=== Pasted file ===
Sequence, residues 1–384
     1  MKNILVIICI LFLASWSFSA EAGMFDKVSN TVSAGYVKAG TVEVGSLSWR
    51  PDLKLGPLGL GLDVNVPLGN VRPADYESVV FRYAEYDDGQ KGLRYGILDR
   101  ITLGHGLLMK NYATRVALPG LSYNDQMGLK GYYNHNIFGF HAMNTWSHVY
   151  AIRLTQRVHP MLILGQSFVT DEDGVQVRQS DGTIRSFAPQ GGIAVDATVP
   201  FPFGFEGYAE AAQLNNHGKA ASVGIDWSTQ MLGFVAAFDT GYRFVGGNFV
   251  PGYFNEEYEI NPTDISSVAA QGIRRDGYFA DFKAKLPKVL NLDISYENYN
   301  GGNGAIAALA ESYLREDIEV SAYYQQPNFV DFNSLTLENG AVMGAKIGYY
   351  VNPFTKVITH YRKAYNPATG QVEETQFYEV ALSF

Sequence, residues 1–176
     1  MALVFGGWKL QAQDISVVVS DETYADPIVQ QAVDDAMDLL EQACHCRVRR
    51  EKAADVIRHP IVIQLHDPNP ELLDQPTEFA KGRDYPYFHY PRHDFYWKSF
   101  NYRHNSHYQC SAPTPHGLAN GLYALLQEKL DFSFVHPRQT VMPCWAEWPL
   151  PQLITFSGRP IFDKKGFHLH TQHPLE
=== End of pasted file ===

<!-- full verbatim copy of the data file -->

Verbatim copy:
Sequence, residues 1–384
     1  MKNILVIICI LFLASWSFSA EAGMFDKVSN TVSAGYVKAG TVEVGSLSWR
    51  PDLKLGPLGL GLDVNVPLGN VRPADYESVV FRYAEYDDGQ KGLRYGILDR
   101  ITLGHGLLMK NYATRVALPG LSYNDQMGLK GYYNHNIFGF HAMNTWSHVY
   151  AIRLTQRVHP MLILGQSFVT DEDGVQVRQS DGTIRSFAPQ GGIAVDATVP
   201  FPFGFEGYAE AAQLNNHGKA ASVGIDWSTQ MLGFVAAFDT GYRFVGGNFV
   251  PGYFNEEYEI NPTDISSVAA QGIRRDGYFA DFKAKLPKVL NLDISYENYN
   301  GGNGAIAALA ESYLREDIEV SAYYQQPNFV DFNSLTLENG AVMGAKIGYY
   351  VNPFTKVITH YRKAYNPATG QVEETQFYEV ALSF

Sequence, residues 1–176
     1  MALVFGGWKL QAQDISVVVS DETYADPIVQ QAVDDAMDLL EQACHCRVRR
    51  EKAADVIRHP IVIQLHDPNP ELLDQPTEFA KGRDYPYFHY PRHDFYWKSF
   101  NYRHNSHYQC SAPTPHGLAN GLYALLQEKL DFSFVHPRQT VMPCWAEWPL
   151  PQLITFSGRP IFDKKGFHLH TQHPLE